Steven J. Vertlieb and Frank Capra.

During a particularly sad and lonely Christmas for my friend and hero, I wrote Frank Capra a few ineffectual words of hope and inspiration. His nearly heart breaking response remains one of my most treasured letters. This poignant note from the man who offered hope to so many year after year with his Christmas masterpiece, It’s A Wonderful Life, is a cherished remnant of true humility, and all too common human frailty… a tender personal document for this holiday season.

Together with “The Man Who Saved Christmas,” the great Frank Capra … one of Cinema’s most influential pioneers, and the director of the quintessential Christmas movie, It’s A Wonderful Life.

“Star Wars…Nothing
But Star Wars”

By Steve Vertlieb: The moment that I’d dreamt of and imagined for decades had at last arrived. Nicchi Rozsa, Miklos Rozsa’s lovely granddaughter, said that she’d never seen me look so happy. Here was the moment that I’d longed for … to meet my last living, life-long hero at last. When he smiled at me, and wrapped his arm around my shoulder, I thought that I’d died and gone to Heaven. It was so unforgettably sweet.

John Williams, at the tender age of 87 years, remains the most important motion picture composer on the planet. This weekend marks the release of his final score for Star Wars, and it is truly a momentous event.

Simply one of the greatest moments of my life… Meeting John Williams for the very first time in his dressing room at The Hollywood Bowl in late August, 2010.

Among the many highlights of my pilgrimage to Hollywood in 2017 was an entirely unexpected, nearly miraculous, accidental “close encounter” with the current star of one of the most lucrative and beloved movie franchises in motion picture history. I’m still amazed, two years after this most astonishing occurrence, that our meeting actually occurred, as this remarkable photograph will happily attest to.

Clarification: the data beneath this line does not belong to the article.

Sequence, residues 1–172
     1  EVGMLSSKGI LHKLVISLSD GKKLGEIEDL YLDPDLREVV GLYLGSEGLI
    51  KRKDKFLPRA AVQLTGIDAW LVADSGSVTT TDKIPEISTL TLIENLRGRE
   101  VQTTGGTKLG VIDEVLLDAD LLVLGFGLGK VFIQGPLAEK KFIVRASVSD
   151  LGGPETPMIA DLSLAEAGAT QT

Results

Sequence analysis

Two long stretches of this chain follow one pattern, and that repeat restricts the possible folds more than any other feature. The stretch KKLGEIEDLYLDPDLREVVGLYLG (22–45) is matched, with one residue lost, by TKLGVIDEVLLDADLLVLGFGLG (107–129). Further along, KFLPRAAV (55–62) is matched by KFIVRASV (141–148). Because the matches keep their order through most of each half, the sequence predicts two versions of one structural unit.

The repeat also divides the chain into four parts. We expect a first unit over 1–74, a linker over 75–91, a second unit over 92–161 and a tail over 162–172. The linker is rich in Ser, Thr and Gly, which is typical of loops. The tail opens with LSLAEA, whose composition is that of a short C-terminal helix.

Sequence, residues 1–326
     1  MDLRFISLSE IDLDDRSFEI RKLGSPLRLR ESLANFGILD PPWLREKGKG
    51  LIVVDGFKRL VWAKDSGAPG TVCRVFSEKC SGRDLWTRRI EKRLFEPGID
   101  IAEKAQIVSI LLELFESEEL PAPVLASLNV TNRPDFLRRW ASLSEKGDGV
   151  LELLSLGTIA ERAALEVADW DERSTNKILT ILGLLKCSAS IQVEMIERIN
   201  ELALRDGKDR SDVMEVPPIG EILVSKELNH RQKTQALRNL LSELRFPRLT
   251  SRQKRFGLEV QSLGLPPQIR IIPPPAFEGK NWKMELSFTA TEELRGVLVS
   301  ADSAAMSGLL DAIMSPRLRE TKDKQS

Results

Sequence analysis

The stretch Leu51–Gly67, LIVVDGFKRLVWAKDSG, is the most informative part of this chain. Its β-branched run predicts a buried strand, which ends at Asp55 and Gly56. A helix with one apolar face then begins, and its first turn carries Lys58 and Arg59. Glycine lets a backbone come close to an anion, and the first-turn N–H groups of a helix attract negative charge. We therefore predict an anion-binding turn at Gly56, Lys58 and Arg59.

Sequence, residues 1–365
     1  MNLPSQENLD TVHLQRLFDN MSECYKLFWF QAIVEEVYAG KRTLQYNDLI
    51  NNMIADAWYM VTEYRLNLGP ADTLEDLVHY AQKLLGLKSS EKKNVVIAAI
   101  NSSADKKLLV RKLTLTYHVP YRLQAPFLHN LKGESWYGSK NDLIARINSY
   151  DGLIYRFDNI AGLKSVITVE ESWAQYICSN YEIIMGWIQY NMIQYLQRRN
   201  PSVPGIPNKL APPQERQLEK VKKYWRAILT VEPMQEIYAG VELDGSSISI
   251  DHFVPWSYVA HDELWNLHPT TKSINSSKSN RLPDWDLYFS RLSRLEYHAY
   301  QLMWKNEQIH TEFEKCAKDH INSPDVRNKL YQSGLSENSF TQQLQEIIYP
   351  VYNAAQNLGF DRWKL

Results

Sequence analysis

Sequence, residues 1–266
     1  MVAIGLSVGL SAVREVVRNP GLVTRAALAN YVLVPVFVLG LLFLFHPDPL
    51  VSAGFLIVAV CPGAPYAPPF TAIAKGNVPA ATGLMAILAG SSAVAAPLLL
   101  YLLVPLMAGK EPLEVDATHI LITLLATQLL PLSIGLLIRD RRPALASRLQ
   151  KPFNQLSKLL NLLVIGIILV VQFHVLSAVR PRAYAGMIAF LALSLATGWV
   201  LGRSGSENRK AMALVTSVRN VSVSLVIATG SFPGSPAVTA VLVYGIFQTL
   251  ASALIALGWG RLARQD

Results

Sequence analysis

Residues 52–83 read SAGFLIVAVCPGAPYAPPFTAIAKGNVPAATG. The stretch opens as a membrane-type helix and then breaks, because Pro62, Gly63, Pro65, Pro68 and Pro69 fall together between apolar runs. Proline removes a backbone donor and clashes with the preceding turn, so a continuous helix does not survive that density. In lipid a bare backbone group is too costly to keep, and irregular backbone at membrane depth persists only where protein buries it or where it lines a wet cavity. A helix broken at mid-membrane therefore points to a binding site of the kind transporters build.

While waiting backstage to speak with composer John Williams at the venerable Hollywood Bowl, I noticed that Daisy Ridley’s name was posted on one of the dressing room doors. She hadn’t appeared on stage with Maestro Williams during the Star Wars concert selections, and so I wondered why. I turned to my brother to mention the strangeness of the occurrence when I inwardly gasped at the realization that the young star of Star Wars: The Force Awakens, Star Wars: The Last Jedi and, currently, Star Wars: The Rise of Skywalker, was standing just inches in front of me.

Listening to her British accent in conversation with the director of The Last Jedi, Rian Johnson, I nudged my brother Erwin, and whispered “I think that Daisy Ridley is standing right in front of me.” Hearing my admittedly excited observation to my little brother, she turned toward me with a big smile and said “Hello.”

She was as delightfully adorable in person as she is as “Rey” on the big screen in the spectacular continuation of the cherished science fiction franchise. I couldn’t help but recall John Williams’ own wonderfully charming admission, upon receiving his A.F.I. Life Achievement Award in 2016, that he didn’t want any other composer but himself writing music for this lovely young actress. I completely understood his feelings upon meeting Miss Ridley.

My Life at Loscon, Part 2

By John Hertz: (mostly reprinted from No Direction Home 42)  On Friday night at Loscon XLVI (local SF convention, sponsored by the L.A. Science Fantasy Society; see here) after Regency dancing (see Mimosa 29; or read Georgette Heyer‘s Regency romances – or both) I changed back to my conventional attire and went to wander the world of parties.

I’ve long felt an in it but not of it quality is elemental to fandom.  More usually interest-groups seem tighter focused on, or entangled with, their topic.  It makes us harder to explain.  People ask me “Are you a writer?” and I have to answer with something like my father’s scrupulous reply when we played Guess What Daddy Had for Lunch, “Not within the normal meaning of that term.”  My best formulation so far is A love of SF is the thread on which the beads of fan activity are strung.  Anyway, it shows in our social life.

At our cons we have open (everybody welcome) and closed (invitation-only) parties.  Some of them have a particular reason for existence.  Some of them.  See what I mean?

Drawing by Tim Kirk

I dropped by the Baycon party.  This is the San Francisco Bay area local con, held over the United States Memorial Day weekend; Baycon XXXVIII will be in 2020 (we’re not always careful terminologists: Westercon XIV – the West Coast Science Fantasy Conference on or near U.S. Independence Day, though not necessarily within the U.S.; Westercon LXXIII will be in 2020 – was “Baycon”, apparently the first SF con [in two senses of “SF”] so called: later the 26th World Science Fiction Convention, combined with Westercon XXI, and famous in song and story, was also “Baycon”).